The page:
Reviewed by Mayeesha Azhar

This House of Clay and Water

Title: This House of Clay and Water
Author: Faiqa Mansab
Genre: Contemporary fiction
Publisher: Penguin Random House
Price: 499 INR
Pages: 272 (Hardcover)
https://penguin.co.in/book/fiction/house-clay-water/

 

For those who need one more reason to dream about visiting Lahore someday to take in the juxtaposition of the city’s pandemonium, history and romance, Faiqa Mansab’s This House of Clay and Water only adds to the list. The protagonist, Nida, wanders along the boundaries between the walled estates of the metropolitan’s wealthy, to the markets of the underclass and, finally, the shrines that offer refuge to the disowned. Nida has lost much to the rigid patriarchal structures of her life — a child, freedom, her right to choose, a sense of self. In a way, this book is about Nida’s journey of rediscovering her dignity, and the immense price that she ends up paying for it.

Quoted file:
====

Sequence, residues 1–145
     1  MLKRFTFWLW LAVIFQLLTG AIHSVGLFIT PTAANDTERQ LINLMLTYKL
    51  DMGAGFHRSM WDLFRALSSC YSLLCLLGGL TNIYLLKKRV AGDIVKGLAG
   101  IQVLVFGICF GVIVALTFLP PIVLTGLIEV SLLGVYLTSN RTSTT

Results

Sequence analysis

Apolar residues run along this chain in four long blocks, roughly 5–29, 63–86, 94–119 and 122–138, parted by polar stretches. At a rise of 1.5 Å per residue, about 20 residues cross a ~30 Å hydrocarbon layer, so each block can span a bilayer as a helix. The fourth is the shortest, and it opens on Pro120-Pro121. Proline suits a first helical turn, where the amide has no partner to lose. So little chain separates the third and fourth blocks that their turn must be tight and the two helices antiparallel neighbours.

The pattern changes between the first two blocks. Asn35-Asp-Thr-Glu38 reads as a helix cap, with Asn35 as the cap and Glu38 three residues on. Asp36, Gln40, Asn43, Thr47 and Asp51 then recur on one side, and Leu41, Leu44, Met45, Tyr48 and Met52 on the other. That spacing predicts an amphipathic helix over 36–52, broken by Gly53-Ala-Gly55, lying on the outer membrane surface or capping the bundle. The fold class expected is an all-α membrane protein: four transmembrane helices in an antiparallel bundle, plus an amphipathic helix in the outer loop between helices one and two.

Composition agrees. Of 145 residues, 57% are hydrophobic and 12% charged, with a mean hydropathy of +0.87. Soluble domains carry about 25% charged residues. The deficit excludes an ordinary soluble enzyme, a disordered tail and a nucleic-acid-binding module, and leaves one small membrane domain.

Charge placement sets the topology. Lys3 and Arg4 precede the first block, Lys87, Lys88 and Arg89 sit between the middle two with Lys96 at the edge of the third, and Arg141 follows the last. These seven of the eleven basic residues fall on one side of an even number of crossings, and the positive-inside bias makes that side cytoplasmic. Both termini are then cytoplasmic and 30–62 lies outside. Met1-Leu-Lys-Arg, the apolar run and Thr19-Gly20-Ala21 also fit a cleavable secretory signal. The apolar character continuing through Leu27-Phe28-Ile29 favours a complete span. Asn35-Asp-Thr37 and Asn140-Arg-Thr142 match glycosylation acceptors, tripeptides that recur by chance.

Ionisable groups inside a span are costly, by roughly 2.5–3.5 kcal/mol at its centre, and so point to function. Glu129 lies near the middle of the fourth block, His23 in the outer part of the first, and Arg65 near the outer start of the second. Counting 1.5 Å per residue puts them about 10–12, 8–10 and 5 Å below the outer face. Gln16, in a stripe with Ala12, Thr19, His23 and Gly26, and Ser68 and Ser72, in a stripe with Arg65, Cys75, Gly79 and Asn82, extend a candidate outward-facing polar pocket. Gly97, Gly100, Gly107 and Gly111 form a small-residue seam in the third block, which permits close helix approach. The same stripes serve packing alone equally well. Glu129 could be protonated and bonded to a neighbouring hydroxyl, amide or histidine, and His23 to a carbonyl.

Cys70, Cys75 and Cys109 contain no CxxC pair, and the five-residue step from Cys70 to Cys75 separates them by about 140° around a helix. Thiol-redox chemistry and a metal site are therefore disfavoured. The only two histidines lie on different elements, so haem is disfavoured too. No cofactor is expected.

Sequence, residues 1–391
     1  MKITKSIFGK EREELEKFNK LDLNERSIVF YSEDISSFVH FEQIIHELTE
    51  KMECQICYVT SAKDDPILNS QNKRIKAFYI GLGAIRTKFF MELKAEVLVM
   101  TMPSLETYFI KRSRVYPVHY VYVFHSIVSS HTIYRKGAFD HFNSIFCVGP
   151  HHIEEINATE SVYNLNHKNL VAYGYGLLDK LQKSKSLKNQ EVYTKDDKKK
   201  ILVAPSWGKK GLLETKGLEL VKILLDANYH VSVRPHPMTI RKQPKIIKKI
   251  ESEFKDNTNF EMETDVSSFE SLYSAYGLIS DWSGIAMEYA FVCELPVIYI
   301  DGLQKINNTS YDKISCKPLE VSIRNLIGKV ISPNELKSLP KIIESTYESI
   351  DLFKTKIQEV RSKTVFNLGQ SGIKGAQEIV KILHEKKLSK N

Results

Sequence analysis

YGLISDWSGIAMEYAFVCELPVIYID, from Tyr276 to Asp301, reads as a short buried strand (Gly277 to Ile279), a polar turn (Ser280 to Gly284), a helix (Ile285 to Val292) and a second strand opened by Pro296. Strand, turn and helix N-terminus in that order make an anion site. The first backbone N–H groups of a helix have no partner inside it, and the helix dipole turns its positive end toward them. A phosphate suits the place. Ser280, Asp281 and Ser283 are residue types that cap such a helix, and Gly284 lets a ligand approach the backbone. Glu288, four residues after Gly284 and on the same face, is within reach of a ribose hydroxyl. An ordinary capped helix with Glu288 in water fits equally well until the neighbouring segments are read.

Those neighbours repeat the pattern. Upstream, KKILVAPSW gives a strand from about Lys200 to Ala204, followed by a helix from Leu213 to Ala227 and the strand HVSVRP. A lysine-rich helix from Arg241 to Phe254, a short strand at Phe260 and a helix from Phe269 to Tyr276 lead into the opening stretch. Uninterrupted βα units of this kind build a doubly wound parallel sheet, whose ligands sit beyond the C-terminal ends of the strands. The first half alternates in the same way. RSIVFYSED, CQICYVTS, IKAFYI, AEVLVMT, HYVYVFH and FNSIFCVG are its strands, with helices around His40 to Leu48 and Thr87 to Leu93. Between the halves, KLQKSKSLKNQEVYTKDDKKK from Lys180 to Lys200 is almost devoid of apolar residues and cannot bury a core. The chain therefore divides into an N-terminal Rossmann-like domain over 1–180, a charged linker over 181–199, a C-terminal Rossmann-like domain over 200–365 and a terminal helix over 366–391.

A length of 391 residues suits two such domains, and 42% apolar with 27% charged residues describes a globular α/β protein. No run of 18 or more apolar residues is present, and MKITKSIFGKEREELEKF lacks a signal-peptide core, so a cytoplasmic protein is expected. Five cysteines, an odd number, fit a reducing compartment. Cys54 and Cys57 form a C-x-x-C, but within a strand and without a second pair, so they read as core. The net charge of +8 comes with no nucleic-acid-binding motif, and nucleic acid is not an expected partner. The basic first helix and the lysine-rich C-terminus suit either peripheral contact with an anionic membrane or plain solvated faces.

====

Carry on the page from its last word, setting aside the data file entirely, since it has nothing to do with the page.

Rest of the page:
Among the three main characters that narrate the story by turn is also Sasha. Bringing glitz and glamour to this tale, Sasha is indulgent, decadent, and a siren by choice. In dusty Lahore, Sasha’s ephemeral aura marks her out as a creature from a different world. She is an object of desire incarnate and she knows it. What is more, she is not hesitant to use it to get what she wants — designer fashion and a thrilling escape from a life she feels is too ordinary for her. Try as hard as she might to deny this, sometimes to herself, this respite is only fleeting. Her image is a mirage that Sasha has carefully constructed even as she makes it look effortless. She does indeed sashay into every scene that she inhabits — cafés, the hotel rooms of her lovers, even spiritual ground like the Daata Sahib dargah. This is where the two women first meet.

The contrast between them is softened for both by their distance from Bhanggi, the transgender Qalandar, a title that is typically held by holy men. Bhanggi’s is a short life full of cruelty and exclusion, first from society itself after being abandoned at birth and then from the Hijra community where he was raised. In exchange for being allowed to live at the shrine, Bhanggi must be indentured to the administrative clerk there. This is part of the clerk’s deal with the Hijra community, who rely on sex work to make a living.